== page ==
Table_1_Transcriptomic Analysis of the Brucella melitensis Rev.1 Vaccine Strain in an Acidic Environment: Insights Into Virulence Attenuation.xlsx (301.22 kB)

Table_1_Transcriptomic Analysis of the Brucella melitensis Rev.1 Vaccine Strain in an Acidic Environment: Insights Into Virulence Attenuation.xlsx

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posted on 14.02.2019, 04:29 by Mali Salmon-Divon, Tamar Zahavi, David Kornspan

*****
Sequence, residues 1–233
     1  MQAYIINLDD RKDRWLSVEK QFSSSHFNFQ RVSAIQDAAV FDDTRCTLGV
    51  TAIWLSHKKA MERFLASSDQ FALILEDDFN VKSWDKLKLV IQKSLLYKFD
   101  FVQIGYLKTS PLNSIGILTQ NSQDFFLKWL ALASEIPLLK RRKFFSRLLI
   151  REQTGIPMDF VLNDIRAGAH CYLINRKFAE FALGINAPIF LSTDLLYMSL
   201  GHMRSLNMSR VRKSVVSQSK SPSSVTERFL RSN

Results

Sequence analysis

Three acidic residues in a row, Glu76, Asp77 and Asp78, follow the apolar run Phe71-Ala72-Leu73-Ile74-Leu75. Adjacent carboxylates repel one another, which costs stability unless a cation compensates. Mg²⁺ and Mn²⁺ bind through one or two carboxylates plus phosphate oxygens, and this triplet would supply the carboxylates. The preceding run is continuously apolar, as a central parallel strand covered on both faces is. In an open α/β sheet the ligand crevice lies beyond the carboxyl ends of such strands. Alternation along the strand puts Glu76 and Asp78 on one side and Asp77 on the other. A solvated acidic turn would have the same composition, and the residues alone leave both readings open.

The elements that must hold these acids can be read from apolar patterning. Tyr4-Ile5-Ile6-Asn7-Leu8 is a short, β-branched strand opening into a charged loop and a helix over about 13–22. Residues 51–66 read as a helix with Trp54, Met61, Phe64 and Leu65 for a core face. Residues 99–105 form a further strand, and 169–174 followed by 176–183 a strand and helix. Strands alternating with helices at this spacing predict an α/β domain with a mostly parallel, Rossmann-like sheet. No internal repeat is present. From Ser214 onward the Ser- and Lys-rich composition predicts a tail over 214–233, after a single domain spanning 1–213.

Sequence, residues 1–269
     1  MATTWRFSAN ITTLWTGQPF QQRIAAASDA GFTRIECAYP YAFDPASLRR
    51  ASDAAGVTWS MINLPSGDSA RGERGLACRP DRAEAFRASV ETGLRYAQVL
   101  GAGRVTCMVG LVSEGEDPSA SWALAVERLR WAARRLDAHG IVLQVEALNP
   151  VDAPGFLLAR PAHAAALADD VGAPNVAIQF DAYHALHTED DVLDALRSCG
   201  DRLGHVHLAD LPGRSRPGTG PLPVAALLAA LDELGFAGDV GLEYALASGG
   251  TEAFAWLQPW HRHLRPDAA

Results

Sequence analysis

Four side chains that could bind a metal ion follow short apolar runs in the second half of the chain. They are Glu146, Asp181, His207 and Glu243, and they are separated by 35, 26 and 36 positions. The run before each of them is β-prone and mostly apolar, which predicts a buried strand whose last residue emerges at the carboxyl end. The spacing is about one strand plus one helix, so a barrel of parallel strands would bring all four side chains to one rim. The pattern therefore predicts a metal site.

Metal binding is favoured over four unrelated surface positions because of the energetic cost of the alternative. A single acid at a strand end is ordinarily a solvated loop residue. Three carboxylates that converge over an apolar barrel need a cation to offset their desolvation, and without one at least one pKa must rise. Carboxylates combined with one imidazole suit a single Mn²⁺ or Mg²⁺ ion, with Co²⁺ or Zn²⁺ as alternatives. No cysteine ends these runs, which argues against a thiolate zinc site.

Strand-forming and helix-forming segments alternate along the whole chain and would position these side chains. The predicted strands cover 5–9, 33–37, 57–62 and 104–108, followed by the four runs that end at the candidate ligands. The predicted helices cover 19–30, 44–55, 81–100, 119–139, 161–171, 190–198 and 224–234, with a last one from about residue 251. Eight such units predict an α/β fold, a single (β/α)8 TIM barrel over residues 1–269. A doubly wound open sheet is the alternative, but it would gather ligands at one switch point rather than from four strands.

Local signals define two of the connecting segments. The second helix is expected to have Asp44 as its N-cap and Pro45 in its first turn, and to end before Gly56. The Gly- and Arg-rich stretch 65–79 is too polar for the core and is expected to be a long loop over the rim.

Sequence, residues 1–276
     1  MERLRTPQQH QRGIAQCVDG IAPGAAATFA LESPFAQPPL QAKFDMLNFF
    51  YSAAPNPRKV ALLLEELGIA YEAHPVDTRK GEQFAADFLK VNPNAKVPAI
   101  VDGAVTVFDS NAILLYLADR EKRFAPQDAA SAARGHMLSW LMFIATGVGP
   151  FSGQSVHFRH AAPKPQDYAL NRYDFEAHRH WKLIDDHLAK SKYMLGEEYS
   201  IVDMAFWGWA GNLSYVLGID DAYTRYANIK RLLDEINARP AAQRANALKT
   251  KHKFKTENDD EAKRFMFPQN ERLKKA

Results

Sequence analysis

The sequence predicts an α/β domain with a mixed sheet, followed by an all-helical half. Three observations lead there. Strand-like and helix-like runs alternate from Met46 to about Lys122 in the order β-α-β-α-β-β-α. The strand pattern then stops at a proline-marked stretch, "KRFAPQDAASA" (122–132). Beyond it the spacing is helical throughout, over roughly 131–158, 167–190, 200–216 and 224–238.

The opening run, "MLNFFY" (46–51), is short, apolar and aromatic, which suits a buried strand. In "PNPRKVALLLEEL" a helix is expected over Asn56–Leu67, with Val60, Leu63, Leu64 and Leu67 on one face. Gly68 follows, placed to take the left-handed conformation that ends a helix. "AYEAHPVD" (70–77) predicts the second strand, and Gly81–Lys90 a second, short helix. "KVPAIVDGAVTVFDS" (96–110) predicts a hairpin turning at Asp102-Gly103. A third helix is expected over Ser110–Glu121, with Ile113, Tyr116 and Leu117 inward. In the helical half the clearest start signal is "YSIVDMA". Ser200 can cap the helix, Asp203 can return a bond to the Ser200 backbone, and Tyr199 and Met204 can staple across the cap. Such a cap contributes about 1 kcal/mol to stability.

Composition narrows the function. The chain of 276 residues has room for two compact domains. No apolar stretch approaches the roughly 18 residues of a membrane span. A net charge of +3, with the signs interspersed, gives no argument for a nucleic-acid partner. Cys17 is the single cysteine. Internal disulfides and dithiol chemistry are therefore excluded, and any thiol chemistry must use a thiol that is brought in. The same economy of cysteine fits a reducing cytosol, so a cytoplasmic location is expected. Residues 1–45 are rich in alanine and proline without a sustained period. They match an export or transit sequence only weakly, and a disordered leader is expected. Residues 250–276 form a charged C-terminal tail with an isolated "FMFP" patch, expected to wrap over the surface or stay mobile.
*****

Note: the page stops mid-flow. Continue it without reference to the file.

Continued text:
The live attenuated Brucella melitensis Rev.1 (Elberg-originated) vaccine strain is widely used to control the zoonotic infection brucellosis in small ruminants, but the molecular mechanisms underlying the attenuation of this strain have not been fully characterized. Following their uptake by the host cell, Brucella replicate inside a membrane-bound compartment—the Brucella-containing vacuole—whose acidification is essential for the survival of the pathogen. Therefore, identifying the genes that contribute to the survival of Brucella in acidic environments will greatly assist our understanding of its molecular pathogenic mechanisms and of the attenuated virulence of the Rev.1 strain. Here, we conducted a comprehensive comparative transcriptome analysis of the Rev.1 vaccine strain against the virulent reference strain 16M in cultures grown under either normal or acidic conditions. We found 403 genes that respond differently to acidic conditions in the two strains (FDR < 0.05, fold change ≥ 2). These genes are involved in crucial cellular processes, including metabolic, biosynthetic, and transport processes. Among the highly enriched genes that were downregulated in Rev.1 under acidic conditions were acetyl-CoA synthetase, aldehyde dehydrogenase, cell division proteins, a cold-shock protein, GroEL, and VirB3. The downregulation of these genes may explain the attenuated virulence of Rev.1 and provide new insights into the virulence mechanisms of Brucella.

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